Long, complicated, passwords are probably helpful against an extended dictionary attack (i.e. automated guesswork). But they provide no protection at all against a stolen password file. Which do you think was more likely to be used to obtain access to a Yahoo account for use as a spam sender?
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Profile Gary Charpentier
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Message 82714 - Posted: 6 Nov 2017, 16:27:53 UTC - in response to Message 82712.  

Long, complicated, passwords are probably helpful against an extended dictionary attack (i.e. automated guesswork). But they provide no protection at all against a stolen password file. Which do you think was more likely to be used to obtain access to a Yahoo account for use as a spam sender?

IIRC Yahell forced me to change all my Yhell PWs after that stolen file. Also wasn't that file only of the hashed PW's? If someone has a de-hash function, that is frightening.
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Sir Rodney Ffing
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Message 82728 - Posted: 7 Nov 2017, 7:53:29 UTC - in response to Message 82676.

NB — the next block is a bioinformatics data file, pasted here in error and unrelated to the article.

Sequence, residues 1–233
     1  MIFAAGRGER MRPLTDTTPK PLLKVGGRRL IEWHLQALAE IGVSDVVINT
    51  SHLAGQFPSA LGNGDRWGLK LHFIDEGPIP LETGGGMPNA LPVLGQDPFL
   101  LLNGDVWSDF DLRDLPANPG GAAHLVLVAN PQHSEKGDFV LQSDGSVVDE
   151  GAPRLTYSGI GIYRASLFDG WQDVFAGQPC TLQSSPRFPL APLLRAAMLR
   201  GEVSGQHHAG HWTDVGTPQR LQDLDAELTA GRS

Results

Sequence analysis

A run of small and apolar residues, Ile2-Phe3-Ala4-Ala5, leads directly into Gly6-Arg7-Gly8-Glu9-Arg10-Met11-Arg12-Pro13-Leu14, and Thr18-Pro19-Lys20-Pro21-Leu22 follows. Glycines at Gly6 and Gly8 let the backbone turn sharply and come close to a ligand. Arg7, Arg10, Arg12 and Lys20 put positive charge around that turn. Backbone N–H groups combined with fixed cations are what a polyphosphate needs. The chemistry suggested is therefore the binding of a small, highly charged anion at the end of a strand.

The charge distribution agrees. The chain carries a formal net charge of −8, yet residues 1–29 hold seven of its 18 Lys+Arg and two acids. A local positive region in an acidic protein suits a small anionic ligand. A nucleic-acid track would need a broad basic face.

Last modified: 7 Nov 2017, 7:53:55 UTC

I've always prided myself on being prepared to stand fup or what I believe in. Also in having no hidden agendas.
Indeed - none. ;-)))))

I expect you knew about their tax and rotten-boroughing though, because both have been covered quite extensively before. Probably not in the Telegraph mind.
Yes I did, and no they haven't!!
As I recall, during those "awkward periods" the Telegraph ran editorials justifying the removal of tax burdens on the wealthy .

Oft times - it is the news an outlet omits that informs one more.
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Profile Gary Charpentier
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Message 82743 - Posted: 7 Nov 2017, 14:48:36 UTC - in response to Message 82676.  

I've always prided myself on being prepared to stand fup or what I believe in. Also in having no hidden agendas.
Aye, how many petabytes of private mail spool could be released if everyone didn't have hidden agenda's?
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Message boards : The Lounge : You couldn't make it up (but some did)